The price of crossing the Humber Bridge is a hotly debated issue, so wheelworldreviews editor DAVID HOOPER finds out if it really is cheaper to go the long way round. His results make interesting reading and are certain to fuel the arguments.
THE cost of crossing the Humber Bridge is a hot potato and a topic that regularly features on the television and in our newspapers.
With the cost of a single journey across the Humber Bridge now costing £2.70, I decided to try and get to the bottom of the debate over whether or not it is cheaper to drive around the Humber, rather than pay the bridge tolls to cross it.
Time is money, no question, and it’s certainly quicker going over the bridge, but how long does it actually take to go around, how much fuel would you use and how much would it cost?
The exorbitant price of petrol, which is largely tax, is another major issue. Supermarket fuel is usually the cheapest, so we started our test at our nearest Sainsbury’s petrol station to check the current prices.
A litre of unleaded will cost you a scary £1.05.9 pence, while super-unleaded and good old four star cost the same, at £1.08.9. Diesel now costs more than petrol, and will empty your pockets to the stomach-turning tune of £111.9 per litre – that’s £5.08 per gallon.
The car I used for my experiment, was my test car for that week, a diesel-engined Honda Accord Tourer, a typical family car or rep mobile.
Its 2.2-litre i-CTDi diesel engine is one of the best you can buy, offering what the Honda engineers who designed it considered to be the ideal mix of performance and economy.
It has 140PS, will get from 0-62mph in 9.3 seconds, has a top speed of 122mph and six manual gears. More importantly, it’s official fuel consumption figures are quoted as 36.7 on the urban cycle, 57.6mpg on the extra urban and 47.9mpg on the combined cycle.
Every day, on their commutes between Hull and Grimsby, hundreds of people cross what was until recently the longest single span suspension bridge in the world. Should they choose to drive around, there are two main routes. To record our “long way round” experiment, I was joined in the car by Grimsby Telegraph photographer Jon Corken. Our only rule was to drive as near as possible to the legal speed limits.
I decided to start my “real world” test at the Barnetby Interchange on the south bank, and finish it at the Hessle roundabout on the North Bank.
My first route took us along the M180, turning north on the M18, before joining the M62 which becomes the A63 on the approach to Hull.
I set the Accord’s cruise control at exactly 70mph to maximise our economy. We travelled 58.2 miles, the journey took 53 minutes and the car averaged an impressive 47.7 miles to the gallon. I calculated that we used 1.2 gallons of fuel at a cost of £6.09. For the return leg, we reversed the last bit of the journey, heading for the M62. At J36, we turned left towards Swinefleet and Goole, where we were held up in traffic, before travelling through Crowle in the Isle of Axholme and rejoining the M180 back to Barnetby.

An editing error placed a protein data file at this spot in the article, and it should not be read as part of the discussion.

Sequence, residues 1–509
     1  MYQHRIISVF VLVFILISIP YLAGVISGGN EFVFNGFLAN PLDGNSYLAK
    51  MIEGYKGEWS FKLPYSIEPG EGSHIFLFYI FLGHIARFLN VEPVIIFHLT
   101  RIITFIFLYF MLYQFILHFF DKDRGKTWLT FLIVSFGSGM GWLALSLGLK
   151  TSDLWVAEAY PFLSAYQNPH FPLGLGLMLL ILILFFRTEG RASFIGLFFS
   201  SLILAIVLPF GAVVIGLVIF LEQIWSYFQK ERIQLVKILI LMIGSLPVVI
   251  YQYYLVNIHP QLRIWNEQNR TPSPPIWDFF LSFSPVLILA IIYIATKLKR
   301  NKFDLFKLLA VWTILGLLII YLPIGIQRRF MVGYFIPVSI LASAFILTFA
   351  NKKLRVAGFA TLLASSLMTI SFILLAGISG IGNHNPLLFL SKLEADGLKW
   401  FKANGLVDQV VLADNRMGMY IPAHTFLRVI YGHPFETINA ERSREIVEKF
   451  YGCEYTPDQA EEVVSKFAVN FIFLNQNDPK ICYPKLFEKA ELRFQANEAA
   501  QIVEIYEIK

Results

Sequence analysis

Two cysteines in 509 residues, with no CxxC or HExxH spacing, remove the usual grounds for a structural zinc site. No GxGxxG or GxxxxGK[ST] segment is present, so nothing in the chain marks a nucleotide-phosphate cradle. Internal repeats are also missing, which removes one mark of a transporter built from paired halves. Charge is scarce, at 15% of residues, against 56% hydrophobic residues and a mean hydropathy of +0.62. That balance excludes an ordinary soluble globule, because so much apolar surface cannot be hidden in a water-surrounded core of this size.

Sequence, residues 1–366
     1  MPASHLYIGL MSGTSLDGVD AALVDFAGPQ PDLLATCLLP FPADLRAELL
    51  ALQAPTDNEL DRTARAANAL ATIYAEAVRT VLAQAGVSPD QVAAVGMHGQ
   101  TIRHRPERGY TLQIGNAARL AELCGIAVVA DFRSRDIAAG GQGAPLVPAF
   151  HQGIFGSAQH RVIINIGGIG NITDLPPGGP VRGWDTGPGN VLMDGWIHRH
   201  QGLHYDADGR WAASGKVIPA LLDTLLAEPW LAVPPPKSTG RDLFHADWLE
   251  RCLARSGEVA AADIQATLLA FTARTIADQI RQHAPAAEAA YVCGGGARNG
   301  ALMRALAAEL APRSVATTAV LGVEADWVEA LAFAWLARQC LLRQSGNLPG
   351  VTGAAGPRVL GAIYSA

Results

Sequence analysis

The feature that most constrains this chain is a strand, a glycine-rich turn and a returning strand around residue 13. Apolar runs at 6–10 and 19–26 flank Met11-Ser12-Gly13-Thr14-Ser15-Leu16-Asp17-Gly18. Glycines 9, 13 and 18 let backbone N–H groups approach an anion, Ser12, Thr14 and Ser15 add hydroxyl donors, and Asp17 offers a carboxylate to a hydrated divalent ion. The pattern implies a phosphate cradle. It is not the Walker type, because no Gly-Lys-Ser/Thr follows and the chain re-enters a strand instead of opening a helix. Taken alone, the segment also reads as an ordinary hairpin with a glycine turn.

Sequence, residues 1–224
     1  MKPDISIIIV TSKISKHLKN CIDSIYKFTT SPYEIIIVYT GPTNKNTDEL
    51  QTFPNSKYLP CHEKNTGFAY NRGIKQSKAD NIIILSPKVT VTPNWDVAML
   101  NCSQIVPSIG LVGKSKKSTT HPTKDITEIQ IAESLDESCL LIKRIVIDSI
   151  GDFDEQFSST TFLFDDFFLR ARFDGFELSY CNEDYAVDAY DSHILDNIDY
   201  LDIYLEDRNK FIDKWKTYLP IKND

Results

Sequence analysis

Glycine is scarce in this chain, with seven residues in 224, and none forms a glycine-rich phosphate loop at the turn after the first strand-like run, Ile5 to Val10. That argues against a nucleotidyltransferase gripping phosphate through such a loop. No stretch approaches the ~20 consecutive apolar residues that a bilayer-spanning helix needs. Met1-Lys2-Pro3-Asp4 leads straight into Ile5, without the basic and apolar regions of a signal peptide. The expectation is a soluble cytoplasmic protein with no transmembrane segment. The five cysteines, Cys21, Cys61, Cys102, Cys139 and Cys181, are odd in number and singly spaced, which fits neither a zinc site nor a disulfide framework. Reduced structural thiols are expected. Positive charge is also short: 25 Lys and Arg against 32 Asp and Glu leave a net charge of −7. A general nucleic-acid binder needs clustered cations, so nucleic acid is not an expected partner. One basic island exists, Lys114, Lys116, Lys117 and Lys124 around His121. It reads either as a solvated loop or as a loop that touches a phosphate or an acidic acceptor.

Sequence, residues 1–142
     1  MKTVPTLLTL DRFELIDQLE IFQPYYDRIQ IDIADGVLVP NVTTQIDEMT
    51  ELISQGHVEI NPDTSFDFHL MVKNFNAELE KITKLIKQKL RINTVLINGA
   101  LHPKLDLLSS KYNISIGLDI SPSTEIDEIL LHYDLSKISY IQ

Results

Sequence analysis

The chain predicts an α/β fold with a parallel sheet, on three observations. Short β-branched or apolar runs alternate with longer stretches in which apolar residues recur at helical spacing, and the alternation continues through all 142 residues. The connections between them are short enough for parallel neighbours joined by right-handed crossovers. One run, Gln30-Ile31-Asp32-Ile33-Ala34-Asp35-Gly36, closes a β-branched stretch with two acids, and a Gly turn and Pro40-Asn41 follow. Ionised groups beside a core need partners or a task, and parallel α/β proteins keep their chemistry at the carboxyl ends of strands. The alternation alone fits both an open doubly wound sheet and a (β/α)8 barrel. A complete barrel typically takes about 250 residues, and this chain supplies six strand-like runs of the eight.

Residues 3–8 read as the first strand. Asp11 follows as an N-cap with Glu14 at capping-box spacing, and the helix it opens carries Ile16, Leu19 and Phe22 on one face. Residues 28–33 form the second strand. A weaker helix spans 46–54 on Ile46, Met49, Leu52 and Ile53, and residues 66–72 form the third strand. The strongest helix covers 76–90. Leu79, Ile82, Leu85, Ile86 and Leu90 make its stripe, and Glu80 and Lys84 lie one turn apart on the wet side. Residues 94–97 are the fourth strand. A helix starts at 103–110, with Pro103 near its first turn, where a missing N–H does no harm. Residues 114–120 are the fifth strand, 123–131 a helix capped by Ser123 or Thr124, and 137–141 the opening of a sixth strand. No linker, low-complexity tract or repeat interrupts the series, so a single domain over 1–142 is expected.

On the map, it looked quicker and shorter, and we expected the fuel economy to improve at A-road pace. However, we were all surprised to discover that this trip took 12 minutes longer at 1hr 5mins, and was only marginally shorter, at 56.4 miles. The traffic, combined with speeding up and slowing down on twisty roads, had a detrimental effect on the fuel consumption with a figure of 42.8mpg, which gave us a higher cost of £6.69, with 1.31 gallons of fuel used.
A colleague who commutes daily, measured the third option for us, using the “traditional” route of the A15 and paying his toll at the Humber crossing. The journey takes just 11 minutes, maintaining a constant 70mph, apart from crossing the bridge itself where the speed limit becomes 50mph.
Using our car’s average fuel result from our first leg of 47.7mpg, means we would have used 0.21 gallons at a cost of just £1.06. Add to this the £2.90 bridge toll, and this journey costs £3.96 – by far the cheapest option.
Before we started our “experiment”, I didn’t know exactly how far it was to drive around the Humber. I had never previously done it and am genuinely surprised by the results. I expected a much closer outcome.
So it begs the question, at what point would you break even. By my calculations, the bridge toll would need to increase to £5.03, on top of which you would need to add your travelling time.
While my findings may not please the “scrap the toll” campaigners they will no doubt be music to the ears of the Humber Bridge Board.
No matter upon which side of the fence you sit, these are the facts resulting from a “real world” test.
For the record, my personal view is that we pay far too much in tax on our cars and on the fuel that they use. The Humber Bridge is part of our country’s infrastructure and the Government should write off the debt immediately.
That said, I wouldn’t object to a small charge to pay for its upkeep, perhaps £1, like the Dartford Crossing.
More food for thought is the Scottish Parliament’s decision to remove the tolls on the Forth and Tay Bridges.
So there you have it, so long as the bridge toll is less than a fiver, it’s without doubt the quickest and cheapest option.